Having said all this, the weather in Charara at this time of year was very hot and so even my lightest jacket was still too much to wear. So instead of fitting them into my pocket, I actually ended up just hanging the Companion CLs around my neck using the strap in the normal way. This worked fine, was much better than a full sized bin and did not really get in the way of my photography. It also had the advantage of making them always at hand when needed. But to be honest I should have brought and used a harness, like the excellent LockDown Optics Deployment System that I accidentally left at home in Harare.

Conclusions

Strong Points:

  • I love the Swarovski build quality, they look great and their lightweight, compact open bridge design makes them a pleasure as well as secure to carry about in the field.
  • For small mid-sized binocular their low light performance is a real highlight, I have tested these against a number mid to high end 42mm binoculars and to my eyes they produced an image that was as bright or even brighter at twilight

Weaknesses:

  • Their Field of view of 124m wide at 1000m (372ft wide at 1000 yards) is not bad and I never thought to my self whilst looking through them that “I wish the FOV was wider” but it does fall a little short of some of the other very best mid sized bins with 8x magnifications.

I won’t repeat all the features and aspects of this CL Companion, as I have already gone over them in great detail in my full review. But I would like to emphasize just how well they performed in low light. I can honestly say that I never found them wanting in this department and could comfortably observe birds in great detail, well after the sun had set.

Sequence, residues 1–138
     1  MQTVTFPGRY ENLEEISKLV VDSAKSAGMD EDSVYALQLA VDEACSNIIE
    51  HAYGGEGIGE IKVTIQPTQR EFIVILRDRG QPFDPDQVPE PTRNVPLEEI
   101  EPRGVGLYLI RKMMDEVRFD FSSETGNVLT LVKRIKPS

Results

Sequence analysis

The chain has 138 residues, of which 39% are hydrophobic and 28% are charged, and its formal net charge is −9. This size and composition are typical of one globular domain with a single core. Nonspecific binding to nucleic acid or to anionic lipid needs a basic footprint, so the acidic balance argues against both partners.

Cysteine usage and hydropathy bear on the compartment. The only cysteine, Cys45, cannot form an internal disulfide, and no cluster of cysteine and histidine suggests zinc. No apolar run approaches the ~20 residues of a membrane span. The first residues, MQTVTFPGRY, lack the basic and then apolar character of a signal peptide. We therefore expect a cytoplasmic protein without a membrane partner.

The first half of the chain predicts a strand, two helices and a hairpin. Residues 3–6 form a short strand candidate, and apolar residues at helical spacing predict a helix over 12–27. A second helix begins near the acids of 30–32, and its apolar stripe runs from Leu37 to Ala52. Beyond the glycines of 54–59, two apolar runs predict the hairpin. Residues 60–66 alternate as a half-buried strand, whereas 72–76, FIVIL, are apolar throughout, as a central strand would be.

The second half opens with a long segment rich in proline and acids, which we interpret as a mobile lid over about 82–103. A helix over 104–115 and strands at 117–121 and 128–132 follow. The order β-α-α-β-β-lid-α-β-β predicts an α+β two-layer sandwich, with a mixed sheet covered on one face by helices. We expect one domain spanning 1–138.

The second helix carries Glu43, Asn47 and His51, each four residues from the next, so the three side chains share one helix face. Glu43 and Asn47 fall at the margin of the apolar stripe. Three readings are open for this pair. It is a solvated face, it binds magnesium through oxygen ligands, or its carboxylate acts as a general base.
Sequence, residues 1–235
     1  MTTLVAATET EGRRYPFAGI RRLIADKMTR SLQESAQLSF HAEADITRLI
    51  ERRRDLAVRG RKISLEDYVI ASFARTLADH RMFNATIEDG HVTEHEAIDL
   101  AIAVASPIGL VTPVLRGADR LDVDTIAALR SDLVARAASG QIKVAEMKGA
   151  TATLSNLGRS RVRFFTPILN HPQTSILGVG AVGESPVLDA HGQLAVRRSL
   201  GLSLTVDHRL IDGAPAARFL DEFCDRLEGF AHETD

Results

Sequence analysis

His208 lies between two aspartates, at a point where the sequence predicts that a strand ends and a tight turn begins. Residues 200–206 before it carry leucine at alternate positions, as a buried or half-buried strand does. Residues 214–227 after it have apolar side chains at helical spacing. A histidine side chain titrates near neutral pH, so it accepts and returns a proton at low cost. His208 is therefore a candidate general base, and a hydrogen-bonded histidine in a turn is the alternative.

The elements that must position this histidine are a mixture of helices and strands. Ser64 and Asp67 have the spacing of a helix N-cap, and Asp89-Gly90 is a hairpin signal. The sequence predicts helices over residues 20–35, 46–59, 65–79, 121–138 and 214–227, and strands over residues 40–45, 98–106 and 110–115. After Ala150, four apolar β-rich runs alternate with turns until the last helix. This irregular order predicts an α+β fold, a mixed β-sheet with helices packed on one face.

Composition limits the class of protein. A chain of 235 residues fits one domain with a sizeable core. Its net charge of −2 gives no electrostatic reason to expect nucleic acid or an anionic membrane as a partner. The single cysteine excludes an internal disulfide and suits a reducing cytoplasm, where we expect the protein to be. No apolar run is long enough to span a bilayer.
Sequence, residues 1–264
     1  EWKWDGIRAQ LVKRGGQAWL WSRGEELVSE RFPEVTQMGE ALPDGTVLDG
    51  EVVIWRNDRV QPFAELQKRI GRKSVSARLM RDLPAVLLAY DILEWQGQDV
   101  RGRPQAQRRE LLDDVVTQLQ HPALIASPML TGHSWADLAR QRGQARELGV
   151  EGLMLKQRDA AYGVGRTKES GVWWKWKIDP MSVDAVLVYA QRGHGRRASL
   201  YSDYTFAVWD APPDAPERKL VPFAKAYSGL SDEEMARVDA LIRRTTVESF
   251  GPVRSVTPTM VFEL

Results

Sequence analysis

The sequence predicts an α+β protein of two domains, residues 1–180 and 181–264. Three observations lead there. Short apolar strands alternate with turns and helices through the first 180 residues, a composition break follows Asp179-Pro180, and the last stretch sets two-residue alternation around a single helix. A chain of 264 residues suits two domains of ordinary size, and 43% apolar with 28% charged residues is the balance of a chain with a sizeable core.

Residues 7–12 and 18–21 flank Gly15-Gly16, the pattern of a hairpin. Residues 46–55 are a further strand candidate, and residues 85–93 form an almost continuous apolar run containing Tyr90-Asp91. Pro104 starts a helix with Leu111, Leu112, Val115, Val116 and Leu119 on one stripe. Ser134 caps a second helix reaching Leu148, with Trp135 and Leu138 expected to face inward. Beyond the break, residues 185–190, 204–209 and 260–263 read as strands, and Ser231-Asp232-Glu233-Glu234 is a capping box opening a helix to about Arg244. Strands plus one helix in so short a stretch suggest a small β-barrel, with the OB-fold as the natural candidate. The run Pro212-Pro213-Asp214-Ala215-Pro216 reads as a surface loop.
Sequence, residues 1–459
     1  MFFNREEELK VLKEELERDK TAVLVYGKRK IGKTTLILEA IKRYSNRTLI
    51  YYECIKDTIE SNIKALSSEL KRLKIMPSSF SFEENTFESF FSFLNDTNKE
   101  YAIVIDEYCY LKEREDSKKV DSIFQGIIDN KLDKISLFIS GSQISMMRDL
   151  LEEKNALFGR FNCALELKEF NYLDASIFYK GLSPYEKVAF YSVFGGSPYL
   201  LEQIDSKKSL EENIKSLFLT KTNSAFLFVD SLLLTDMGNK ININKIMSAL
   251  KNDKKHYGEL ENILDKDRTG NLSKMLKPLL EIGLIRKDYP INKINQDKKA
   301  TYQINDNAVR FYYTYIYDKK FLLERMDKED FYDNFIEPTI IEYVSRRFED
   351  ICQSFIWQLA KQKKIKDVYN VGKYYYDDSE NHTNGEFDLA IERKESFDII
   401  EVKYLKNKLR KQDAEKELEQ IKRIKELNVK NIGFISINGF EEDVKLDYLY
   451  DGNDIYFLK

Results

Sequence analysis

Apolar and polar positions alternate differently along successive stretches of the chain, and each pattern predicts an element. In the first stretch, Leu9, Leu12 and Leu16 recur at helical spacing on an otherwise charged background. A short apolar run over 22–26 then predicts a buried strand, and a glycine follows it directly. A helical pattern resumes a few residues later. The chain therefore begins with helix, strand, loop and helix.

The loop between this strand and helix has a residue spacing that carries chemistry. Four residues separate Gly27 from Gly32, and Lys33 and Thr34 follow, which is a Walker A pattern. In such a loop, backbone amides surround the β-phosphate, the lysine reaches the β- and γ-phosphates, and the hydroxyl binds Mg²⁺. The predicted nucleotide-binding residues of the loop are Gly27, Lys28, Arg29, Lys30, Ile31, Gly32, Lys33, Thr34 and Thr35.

Overall I thought that these Swarovski 8x30 CL Companion binoculars were an excellent choice for my needs and I would highly recommend them to anyone looking for a sub-mid sized binocular for safaris, for birding holidays and they will make an ideal general use and travel binocular.

Red-billed-Hornbill-Tockus-erythrorhynchus-large

Birds Identified in Charara, Zimbabwe (Dec 2012)

The table below lists all the birds I managed to identify whilst in Charara. There were many more that I saw but did not id, but remember my main focus was on photography rather than simply identification.

Birds with a link are to the photos that I took – I did manage some others, including the Levaillant’s (Striped) Cuckoo (Oxylophus levailantii) but did not feel that the photo was good enough to publish.

Species

Scientific Name

White-breasted Cormorant   Phalacrocorax lucidus
African Darter  Anhinga rufa
Green-backed Heron Butorides striata
Cattle Egret Bubulcus ibis
Black Heron Egretta ardesiaca
Grey heron Ardea cinerea
Goliath Heron Ardea goliath
African Openbill (Openbilled Stork) Anastomus lamelligerus
Yellow-billed Stork Mycteria ibis
Marabou Stork Leptopilos crumeniferus
White-faced Duck Dendrocygna viduata
Spur-winged Goose Plectopterus gambiensis
African Fish-Eagle Haliaeetus vocifer
Helmeted Guinea-Fowl Numida meleagris
African Jacana Actophilornis africanus
Black-Winged Stilt Himantopus himantopus
Blacksmith Lapwing (Plover) Vanellus armatus 
White-Crowned Lapwing (Plover) Vanellus albiceps
Wood Sandpiper  Tringa glareola
Common Sandpiper Actitis hypoleuca
Laughing Dove Streptopelia senegalensis
Cape Turtle Dove Streptopelia capicola
Namaqua Dove Oena capensis
Burchell’s Coucal Centropus burchelli
Grey Lourie Corythaxoides concolor
Levaillant’s (Striped) Cuckoo Oxylophus levailantii
Lilac-breasted Roller Coracias caudata
Broad-billed Roller [2] Eurystomus glaucurus
European Bee-eater Merops apiaster
Malachite Kingfisher Alcedo cristata
Pied Kingfisher Ceryle rudis
Red-billed Woodhoopoe Phoeniculus purpureus
Red-billed Hornbill [2] [3] Tockus erythrorhynchus
African Grey Hornbill   Tockus nasutus
Crested Barbet Trachyphonus vaillanti
Black-collared Barbet  Lybius torquatus
Bearded Woodpecker Thripias namaquus
Fork-tailed Drongo Dicrurus adsimilis
Black-eyed Bulbul Pycnonotus barbatus
African Paradise
Flycatcher     
Terpisphone viridis
Fiscal Shrike   Lanius collaris
Puffback Dryoscopus cubla
Black-crowned Tchagra Tchagra senegala
Black-headed Oriole Oriolus larvatus
African Golden Oriole Oriolus auratus
Meves’s (Long-tailed) Starling Lamprotornis mevesii
Red-Winged Starling Onychognathus morio
White-bellied Sunbird Nectarinia talatala
Grey-headed Sparrow Passer griseus
White-browed
Sparrow-weaver
Ploceopasser mahali
Masked Weaver Ploceus velatus
Blue Waxbill Ureaginthus angolensis
Red-billed Firefinch Lagnosticta senegala

Further Reading & More Information